On January 11, 2012, the criminal case “the State versus Dr. Isatou Touray and Amie Bojang-Sissoho” will resume, marking the 41st hearing since the opening of the trial in November 2010 before the Banjul Magistrates’ Court.
Alieh Eghdam Doust, women’s rights activist was released from prison today on January 8, 2011 after serving a three year prison term. Alieh was sentenced to serve three years in prison after she was arrested on June 12, 2006 along with nearly 70 other protesters in Haft-e Tir Square, during a protest demanding equal rights for women. Alieh was subsequently tried in Branch 15 of the Revolutionary Courts, on charges of acting against national security and sentenced to 3 years and four months in prison and 20 lashes.
Indonesian sharia police are "morally rehabilitating" more than 60 young punk rock fans in Aceh province on Sumatra island, saying the youths are tarnishing the province's image. Since being arrested at a punk rock concert in the provincial capital Banda Aceh on Saturday night, 59 male and five female punk rock fans have been forced to have their hair cut, bathe in a lake, change clothes and pray.
Zanan TV was launched on 25 November 2011, International Day for the Elimination of Violence Against Women. This day was chosen because Zanan TV is an alternative space for marginalized women who are violated by the state and silenced by mainstream media in Iran. It is a space for building the women’s movement and the democracy movement in Iran.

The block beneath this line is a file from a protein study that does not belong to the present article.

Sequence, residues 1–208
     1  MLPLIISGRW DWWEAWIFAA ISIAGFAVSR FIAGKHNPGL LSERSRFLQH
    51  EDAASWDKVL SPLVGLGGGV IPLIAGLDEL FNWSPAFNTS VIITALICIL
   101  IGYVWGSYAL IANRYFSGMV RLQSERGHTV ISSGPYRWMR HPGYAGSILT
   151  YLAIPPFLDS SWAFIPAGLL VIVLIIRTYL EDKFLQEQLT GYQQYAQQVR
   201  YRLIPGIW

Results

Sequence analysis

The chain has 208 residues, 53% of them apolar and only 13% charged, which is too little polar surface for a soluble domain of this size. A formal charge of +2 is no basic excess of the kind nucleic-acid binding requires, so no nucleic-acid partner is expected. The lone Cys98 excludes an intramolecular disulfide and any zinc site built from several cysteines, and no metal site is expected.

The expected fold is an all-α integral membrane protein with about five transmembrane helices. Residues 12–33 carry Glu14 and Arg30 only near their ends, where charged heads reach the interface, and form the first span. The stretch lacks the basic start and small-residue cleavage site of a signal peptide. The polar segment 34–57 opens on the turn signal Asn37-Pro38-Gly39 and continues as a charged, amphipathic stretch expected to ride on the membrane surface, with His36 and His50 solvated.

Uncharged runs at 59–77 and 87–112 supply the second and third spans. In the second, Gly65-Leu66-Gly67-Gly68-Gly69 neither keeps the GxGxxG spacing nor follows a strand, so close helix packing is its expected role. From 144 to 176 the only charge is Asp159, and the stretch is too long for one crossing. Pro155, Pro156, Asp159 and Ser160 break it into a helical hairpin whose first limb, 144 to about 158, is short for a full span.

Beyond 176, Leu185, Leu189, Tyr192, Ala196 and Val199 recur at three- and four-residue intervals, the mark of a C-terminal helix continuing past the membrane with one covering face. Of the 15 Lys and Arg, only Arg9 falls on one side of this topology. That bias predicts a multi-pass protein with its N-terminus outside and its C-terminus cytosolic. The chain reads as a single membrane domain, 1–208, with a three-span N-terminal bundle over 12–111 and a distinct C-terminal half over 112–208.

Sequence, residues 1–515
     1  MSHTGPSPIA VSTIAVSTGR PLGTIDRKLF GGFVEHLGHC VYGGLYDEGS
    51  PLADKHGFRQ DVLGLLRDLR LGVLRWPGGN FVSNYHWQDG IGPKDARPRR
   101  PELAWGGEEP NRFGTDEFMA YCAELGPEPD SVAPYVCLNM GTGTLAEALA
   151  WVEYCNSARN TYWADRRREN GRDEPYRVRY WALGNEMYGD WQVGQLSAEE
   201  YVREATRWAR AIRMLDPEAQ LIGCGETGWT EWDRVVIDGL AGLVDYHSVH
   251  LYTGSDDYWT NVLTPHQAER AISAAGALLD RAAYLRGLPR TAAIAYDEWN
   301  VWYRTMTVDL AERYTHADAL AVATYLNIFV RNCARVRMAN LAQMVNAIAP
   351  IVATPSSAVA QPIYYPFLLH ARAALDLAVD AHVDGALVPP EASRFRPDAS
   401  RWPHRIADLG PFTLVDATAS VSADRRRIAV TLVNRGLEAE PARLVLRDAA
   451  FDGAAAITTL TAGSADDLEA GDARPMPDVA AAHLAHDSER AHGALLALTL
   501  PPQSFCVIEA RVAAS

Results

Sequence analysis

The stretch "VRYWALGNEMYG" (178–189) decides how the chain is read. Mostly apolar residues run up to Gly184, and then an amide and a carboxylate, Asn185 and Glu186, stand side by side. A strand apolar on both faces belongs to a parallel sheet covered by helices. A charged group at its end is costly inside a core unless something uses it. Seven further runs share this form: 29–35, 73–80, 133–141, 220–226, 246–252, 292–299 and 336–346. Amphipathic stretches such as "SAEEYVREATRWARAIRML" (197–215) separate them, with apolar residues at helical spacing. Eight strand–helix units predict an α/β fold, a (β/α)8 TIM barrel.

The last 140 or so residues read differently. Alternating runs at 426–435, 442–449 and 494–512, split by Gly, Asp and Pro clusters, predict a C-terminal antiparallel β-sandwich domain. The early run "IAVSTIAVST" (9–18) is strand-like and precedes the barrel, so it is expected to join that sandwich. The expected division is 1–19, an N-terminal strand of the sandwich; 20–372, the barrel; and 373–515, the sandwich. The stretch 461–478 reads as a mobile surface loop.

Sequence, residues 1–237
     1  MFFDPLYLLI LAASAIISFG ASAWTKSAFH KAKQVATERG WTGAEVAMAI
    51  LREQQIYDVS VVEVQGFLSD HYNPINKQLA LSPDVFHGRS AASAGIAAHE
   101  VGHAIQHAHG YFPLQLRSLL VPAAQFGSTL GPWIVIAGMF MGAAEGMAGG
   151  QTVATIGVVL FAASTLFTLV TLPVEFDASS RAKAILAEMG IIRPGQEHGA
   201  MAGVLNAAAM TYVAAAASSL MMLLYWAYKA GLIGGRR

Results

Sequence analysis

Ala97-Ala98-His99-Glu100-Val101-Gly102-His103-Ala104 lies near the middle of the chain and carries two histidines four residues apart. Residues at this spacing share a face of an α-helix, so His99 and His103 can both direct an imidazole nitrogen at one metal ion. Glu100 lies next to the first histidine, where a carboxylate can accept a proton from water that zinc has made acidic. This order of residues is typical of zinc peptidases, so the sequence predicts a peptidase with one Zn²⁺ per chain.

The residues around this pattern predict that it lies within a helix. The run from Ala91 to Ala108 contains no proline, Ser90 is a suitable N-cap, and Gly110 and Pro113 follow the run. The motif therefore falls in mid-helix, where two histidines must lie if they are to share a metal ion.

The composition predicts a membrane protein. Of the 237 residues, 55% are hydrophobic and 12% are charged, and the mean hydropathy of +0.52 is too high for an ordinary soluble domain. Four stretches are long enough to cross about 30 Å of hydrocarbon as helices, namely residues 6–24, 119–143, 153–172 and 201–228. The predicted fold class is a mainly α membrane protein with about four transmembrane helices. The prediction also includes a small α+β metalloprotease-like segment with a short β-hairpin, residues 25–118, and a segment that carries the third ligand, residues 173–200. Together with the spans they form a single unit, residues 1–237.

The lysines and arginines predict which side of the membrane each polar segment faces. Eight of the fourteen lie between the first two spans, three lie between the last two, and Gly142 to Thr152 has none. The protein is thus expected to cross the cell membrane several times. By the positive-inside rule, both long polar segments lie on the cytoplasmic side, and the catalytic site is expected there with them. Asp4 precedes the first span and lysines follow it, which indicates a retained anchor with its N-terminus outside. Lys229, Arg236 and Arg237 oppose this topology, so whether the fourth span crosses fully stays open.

A Saudi woman sentenced to be lashed 10 times for defying the country's ban on female drivers has had her punishment overturned by the king.
The woman, named as Shaima Jastaina and believed to be in her 30s, was found guilty of driving without permission in Jeddah in July. Her case was the first in which a legal punishment was handed down for a violation of the ban in the ultraconservative Muslim nation.
A Saudi woman has been sentenced to be lashed 10 times with a whip for defying the kingdom's prohibition on female drivers. It is the first time a legal punishment has been handed down for a violation of the longtime ban in the ultraconservative Muslim nation. Police usually stop female drivers, question them and let them go after they sign a pledge not to drive again. But dozens of women have continued to take to the roads since June in a campaign to break the taboo.
Over 60 individuals, mostly dervishes (members of a religious order), were arrested in the Iranian cities of Kavar, Tehran and Shiraz between 3 and 14 September. At least three lawyers who represent the group were also arrested on 4 September. All are currently held in Evin Prison in Tehran and are at risk of torture or other ill-treatment.